On Texas and New York

Over the weekend we had two highly publicized examples of targeted violence, both seemingly of anti-religious sentiments. At the very least both events targeted a religious gathering. One unfortunately illustrated vulnerability, while the other preparedness.

The title image is a still taken from the video live stream in Texas of the church service attack. It shows the moment that an attendee, Jack Wilson, one of several in the congregation who was carrying since Texas passed the law allowing carry in church, engaged and killed the gunman who pulled a shotgun and open fired.

Law Enforcement is not releasing details yet on who the gunman is but is being termed as having “ties to the area, but transient”. It is unknown if the motive was hostile to the church itself, faith in general, or something else entirely. 240 people were in the congregation when the man pulled the shotgun. Two people were killed on account of his actions. One man died at the scene and another enroute to the hospital.

The video is below. Warning: It is graphic.

Image from Facebook.
Warning: Graphic, includes casualties. Wilson can be seen on the left as he draws and engages the assailant.

The congregates, many who were part of a volunteer security team, had a plan and enacted it. They stopped the shooting in six seconds.

But despite the horror of the attack, imagine it unopposed. Imagine if state law had still prohibited church goers from taking steps to protect themselves, and those 240 people were left to the whims of a violent man with a shotgun. Those watching live through the stream would have had a front row view of an even greater horror show than the brief gun battle above.

New York

Compare that scene to the fear within the Jewish community in New York were a string of violent anti-semitic attacks was put into sharp focus with a mass stabbing home invasion that severely injured 5.

A Rabbi’s home in Monsey, New York was violently invaded by Grafton Thomas (seen in custody below) where he stabbed five people celebrating Hanukkah, the house held around 100 at the time. Thomas then fled and was arrested covered in blood after a traffic camera pinged his license plate.

Image via CNN

This, so shortly after the Jersey City shootout, has put the Jewish community, especially those around New York in a heightened state of fear and awareness.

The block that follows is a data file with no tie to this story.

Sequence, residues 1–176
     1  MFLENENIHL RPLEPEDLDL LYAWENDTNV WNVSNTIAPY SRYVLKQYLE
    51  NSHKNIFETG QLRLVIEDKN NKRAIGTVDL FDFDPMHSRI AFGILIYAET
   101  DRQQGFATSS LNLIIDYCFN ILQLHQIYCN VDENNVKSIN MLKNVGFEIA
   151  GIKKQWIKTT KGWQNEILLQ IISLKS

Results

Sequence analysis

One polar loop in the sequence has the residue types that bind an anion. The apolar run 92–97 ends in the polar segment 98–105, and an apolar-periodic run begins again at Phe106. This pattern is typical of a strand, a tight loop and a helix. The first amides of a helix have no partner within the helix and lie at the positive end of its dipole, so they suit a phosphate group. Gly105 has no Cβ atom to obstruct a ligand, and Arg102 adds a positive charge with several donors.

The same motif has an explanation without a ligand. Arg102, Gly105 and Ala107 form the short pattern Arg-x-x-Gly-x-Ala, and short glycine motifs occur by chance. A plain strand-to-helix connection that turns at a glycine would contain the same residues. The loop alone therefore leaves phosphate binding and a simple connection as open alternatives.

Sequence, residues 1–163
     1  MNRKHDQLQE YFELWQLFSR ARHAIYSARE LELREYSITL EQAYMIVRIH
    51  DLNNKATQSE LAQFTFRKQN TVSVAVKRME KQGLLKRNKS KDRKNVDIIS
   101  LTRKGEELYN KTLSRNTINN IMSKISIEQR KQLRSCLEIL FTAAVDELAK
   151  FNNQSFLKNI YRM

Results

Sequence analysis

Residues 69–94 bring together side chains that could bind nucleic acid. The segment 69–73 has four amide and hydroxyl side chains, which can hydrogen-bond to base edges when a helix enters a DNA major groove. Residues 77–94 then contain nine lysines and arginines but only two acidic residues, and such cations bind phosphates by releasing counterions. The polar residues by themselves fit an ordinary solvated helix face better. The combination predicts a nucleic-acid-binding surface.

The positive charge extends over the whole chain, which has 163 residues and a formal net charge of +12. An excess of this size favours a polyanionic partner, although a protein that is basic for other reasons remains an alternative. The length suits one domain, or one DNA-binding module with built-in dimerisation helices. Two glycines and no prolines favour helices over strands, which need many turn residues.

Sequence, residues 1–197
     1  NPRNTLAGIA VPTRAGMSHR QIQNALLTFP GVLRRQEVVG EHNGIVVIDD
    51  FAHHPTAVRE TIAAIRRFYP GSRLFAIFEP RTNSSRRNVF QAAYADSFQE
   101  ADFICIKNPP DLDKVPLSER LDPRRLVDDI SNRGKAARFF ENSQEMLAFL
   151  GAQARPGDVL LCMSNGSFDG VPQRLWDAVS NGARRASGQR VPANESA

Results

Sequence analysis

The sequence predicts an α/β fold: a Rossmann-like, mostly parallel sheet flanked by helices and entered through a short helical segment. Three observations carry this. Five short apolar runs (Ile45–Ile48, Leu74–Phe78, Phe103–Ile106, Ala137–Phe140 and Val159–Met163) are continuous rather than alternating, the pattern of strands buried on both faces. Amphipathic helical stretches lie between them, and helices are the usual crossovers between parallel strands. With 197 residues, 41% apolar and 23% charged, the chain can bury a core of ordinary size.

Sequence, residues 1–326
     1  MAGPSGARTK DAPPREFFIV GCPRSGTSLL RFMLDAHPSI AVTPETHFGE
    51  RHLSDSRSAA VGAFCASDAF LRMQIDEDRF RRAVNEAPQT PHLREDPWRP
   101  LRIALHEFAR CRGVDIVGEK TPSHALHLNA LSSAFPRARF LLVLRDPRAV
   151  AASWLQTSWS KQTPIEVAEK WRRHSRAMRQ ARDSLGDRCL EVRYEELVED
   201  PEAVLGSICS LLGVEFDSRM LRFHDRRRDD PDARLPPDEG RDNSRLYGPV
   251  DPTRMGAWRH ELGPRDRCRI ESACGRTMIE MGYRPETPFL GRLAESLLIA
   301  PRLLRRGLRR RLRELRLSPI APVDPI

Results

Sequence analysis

The mayors and governors can stand up in their press conferences and bloviate on their commitment to the safety of the community all they want, but their policies actively suppress the rights of individuals to defend themselves if attacked. The government keeps promising and individuals keep getting assailed.

Now Thomas, the home invader in Monsey, does not appear to have an active anti-semitic connection at present, unlike Jersey City. But in the end does that matter? As a community that feels under threat does the fact Thomas wasn’t targeting the gathering because it was a Hanukkah celebration matter?

No. Motive never matters in the moment. Reaction does. Those five people were stabbed in the safety of their Rabbi’s home, their home, and it doesn’t much matter if the motive was anti-semitically driven or not to the injured. It has implications in the larger picture for future policing, but not in the moment.

The community is now calling for more safety, more policing, more measures to protect them from hate, violence, and crime. The state of New York is further and making a show of calling these terrorist acts? Governor Cuomo, what does ‘calling it terrorism’ (when it is, like Jersey City) or when its unknown (like in Monsey) have to do with empowering your citizens to safety? Does naming it something different allow your police force to be more places?

Contrasting

The gathering in New York I am certain did what they could, the fact that only 5 were injured may be a testament to forcing Thomas bodily from the premises. He also may have left of his own volition, whether seeing so many gathered changed his mind, he had done the damage he meant too, or any other whim swung his judgement is not known.

But the reaction from the community shows they firmly believe this is the government’s job to solve… and they will be disappointed.

In Texas, an attack with a weapon arguably far more lethal, the attacker was not given the latitude to choose. He was met with force, effectively and swiftly, and put down.

Now which gathering, should the worst occur, would you rather be in? The one empowered for their defense, or the one government keeps promising to do better by?

Keith Finch
Keith is the Editor-in-Chief of GAT Marketing Group editor@gatdaily.com A USMC Infantry Veteran and Small Arms and Artillery Technician, Keith covers the evolving training and technology from across the shooting industry. A Certified Instructor since 2009 he has taught concealed weapons courses in the West Michigan area in the years since and continues to pursue training and teaching opportunities as they arise.